Effects of Fatty Acid Supplementation on Vision of Preterm Babies


In a clinical trial, researchers found that the risk of retinopathy of prematurity (ROP) was reduced by 50% in infants who received fatty acid supplementation.

Retinopathy of prematurity (ROP) is a serious ophthalmic disorder in which there is abnormal blood vessel growth in the retina, which can potentially lead to vision loss. Infants born extremely preterm (less than 28 weeks of gestation) have an increased risk of developing ROP, according to findings from the Mega Donna Mega study.

The study was a randomized, open-label clinical trial conducted in three neonatal intensive care units in Sweden. The study included 178 extremely preterm (EPT) infants born from 2016 through 2019, and its primary purpose was to determine if nutritional supplementation with omega-3 and omega-6 fatty acids reduced the risk of ROP in EPT-born infants.

Half of the infants received oral nutritional supplements with the omega-3 fatty acid docosahexaenoic acid (DHA) and the omega-6 fatty acid arachidonic acid (AA). The fatty acid supplementation was started within 72 hours of birth and continued up to 40 weeks postmenstrual age (gestational plus chronological age). In this study, the researchers found that the risk of ROP was reduced by 50% in infants who received fatty acid supplementation.

Piggybacking on these results, lead author Pia Lundgren, M.D., Ph.D., associate professor in pediatric eye research at the University of Gothenburg and chief physician at Sahlgrenska University Hospital, and her colleagues conducted a follow-up of the Mega Donna Mega trial to determine if the ophthalmological effect of DHA/AA supplementation in EPT infants persisted at 2.5 years of corrected age (chronological age minus number of weeks preterm).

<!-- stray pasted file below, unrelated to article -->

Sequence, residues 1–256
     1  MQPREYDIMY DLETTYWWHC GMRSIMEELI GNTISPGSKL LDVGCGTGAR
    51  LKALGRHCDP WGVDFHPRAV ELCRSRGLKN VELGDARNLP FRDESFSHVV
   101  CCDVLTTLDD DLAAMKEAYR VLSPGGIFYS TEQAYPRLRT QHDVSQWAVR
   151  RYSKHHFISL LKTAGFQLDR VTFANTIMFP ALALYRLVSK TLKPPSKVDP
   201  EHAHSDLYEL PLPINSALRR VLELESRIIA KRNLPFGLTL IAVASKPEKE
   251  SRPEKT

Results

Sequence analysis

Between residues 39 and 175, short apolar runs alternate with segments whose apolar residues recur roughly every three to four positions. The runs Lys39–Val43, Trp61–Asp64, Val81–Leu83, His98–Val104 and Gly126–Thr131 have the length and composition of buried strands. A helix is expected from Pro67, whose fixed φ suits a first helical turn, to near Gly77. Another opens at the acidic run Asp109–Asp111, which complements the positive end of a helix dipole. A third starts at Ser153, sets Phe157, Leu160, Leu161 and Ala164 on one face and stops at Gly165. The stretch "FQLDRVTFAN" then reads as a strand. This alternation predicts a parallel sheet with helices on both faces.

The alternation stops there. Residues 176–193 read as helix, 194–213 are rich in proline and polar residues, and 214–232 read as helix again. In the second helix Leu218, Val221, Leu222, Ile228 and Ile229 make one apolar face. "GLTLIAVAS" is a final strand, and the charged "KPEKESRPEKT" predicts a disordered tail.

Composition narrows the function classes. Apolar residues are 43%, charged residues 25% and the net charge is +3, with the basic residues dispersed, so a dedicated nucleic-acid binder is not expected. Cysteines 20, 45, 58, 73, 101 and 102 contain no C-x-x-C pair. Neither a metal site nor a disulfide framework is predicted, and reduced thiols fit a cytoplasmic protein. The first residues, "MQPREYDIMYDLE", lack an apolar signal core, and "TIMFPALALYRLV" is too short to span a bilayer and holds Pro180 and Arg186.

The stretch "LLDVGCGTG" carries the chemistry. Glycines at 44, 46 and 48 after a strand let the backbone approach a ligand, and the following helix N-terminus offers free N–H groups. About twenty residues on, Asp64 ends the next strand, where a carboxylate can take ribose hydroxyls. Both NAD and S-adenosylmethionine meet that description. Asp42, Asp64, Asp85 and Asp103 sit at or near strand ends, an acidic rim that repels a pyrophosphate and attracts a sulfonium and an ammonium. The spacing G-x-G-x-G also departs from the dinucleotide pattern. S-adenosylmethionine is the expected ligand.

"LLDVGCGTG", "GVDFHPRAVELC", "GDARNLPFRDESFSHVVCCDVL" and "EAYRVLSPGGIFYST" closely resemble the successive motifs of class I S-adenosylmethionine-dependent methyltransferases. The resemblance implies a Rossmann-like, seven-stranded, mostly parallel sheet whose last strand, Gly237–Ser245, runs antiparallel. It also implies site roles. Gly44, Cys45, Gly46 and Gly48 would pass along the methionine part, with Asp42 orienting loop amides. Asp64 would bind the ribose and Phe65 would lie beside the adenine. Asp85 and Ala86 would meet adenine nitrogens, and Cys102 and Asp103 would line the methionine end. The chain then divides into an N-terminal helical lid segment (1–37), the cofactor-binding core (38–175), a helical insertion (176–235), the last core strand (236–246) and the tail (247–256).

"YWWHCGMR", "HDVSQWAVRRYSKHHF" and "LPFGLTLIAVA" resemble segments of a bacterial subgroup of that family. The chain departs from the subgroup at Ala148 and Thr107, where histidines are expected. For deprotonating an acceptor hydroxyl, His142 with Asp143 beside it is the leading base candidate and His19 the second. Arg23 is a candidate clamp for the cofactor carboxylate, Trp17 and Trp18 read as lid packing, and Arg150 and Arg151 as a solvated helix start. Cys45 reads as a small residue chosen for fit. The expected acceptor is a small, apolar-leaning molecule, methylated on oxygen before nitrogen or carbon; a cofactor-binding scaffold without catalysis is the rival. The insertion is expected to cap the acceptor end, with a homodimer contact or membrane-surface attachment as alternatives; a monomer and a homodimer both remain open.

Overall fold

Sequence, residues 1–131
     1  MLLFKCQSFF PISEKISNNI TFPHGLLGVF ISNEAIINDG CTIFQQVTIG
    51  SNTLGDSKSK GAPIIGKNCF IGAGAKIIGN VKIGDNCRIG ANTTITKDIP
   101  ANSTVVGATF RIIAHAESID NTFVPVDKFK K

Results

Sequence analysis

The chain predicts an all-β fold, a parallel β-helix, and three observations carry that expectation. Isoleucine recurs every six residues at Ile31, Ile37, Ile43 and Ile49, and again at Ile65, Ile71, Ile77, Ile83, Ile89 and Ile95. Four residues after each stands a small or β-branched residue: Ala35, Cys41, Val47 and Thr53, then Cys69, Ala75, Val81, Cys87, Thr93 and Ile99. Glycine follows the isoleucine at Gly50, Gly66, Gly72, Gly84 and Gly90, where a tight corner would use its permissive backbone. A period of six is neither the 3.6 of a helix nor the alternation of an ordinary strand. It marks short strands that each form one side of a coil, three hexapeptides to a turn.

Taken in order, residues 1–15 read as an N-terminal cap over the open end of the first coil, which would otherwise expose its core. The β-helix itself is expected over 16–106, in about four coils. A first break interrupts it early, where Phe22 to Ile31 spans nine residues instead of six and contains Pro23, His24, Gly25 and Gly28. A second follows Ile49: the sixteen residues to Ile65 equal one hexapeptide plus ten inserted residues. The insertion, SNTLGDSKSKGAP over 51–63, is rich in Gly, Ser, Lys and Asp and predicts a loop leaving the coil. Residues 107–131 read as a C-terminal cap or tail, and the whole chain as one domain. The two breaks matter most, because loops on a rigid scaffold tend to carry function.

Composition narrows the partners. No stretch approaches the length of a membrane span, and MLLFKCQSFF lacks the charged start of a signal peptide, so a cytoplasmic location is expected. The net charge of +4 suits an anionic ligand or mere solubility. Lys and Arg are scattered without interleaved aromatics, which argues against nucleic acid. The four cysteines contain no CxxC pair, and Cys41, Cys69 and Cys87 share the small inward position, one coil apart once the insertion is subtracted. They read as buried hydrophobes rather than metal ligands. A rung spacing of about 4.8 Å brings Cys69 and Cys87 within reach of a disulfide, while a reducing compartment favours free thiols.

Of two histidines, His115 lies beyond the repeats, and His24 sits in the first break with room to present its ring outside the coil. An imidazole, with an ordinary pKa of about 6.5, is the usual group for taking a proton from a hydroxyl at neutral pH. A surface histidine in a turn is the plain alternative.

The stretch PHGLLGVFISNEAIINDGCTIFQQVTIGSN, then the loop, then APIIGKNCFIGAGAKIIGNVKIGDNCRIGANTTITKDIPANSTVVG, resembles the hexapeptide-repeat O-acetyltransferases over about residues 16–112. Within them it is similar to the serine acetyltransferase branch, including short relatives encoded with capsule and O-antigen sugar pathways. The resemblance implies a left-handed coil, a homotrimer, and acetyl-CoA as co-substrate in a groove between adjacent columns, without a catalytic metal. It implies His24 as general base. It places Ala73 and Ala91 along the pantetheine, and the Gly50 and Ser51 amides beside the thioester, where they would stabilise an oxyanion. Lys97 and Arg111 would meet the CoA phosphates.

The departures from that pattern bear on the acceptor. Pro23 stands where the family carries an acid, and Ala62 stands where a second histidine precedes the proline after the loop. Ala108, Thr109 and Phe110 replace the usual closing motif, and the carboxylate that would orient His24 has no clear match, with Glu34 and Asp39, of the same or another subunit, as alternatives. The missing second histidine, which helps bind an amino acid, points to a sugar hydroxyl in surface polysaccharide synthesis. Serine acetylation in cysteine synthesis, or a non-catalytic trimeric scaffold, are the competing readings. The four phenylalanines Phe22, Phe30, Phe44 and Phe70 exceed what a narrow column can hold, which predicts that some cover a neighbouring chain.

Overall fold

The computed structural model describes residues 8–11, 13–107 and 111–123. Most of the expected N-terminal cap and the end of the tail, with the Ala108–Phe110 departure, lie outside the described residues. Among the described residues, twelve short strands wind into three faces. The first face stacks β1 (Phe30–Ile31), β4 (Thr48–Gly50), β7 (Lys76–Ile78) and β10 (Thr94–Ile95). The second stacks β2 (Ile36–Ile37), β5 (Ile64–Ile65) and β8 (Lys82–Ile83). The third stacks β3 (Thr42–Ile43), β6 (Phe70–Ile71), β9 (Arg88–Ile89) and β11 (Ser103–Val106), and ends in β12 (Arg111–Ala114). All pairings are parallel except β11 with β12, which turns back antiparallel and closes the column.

These results were published in the September 2023 issue of The Lancet Regional Health - Europe.

In the new follow-up study, the researchers found that the infants who received the DHA/AA supplementation had better visual acuity at 2.5 years of corrected age compared with infants who did not receive fatty acids. However, after adjusting for factors such as gestational age, age at the visual examination, and differences in study centers, the researchers found their results were not statistically significant.

Among several, the authors list a low follow-up rate as a study limitation contributing to the limited statistical power. They emphasize the need for additional research exploring the long-term ophthalmic effects of omega-3 and omega-6 fatty acid supplementation in EPT infants.

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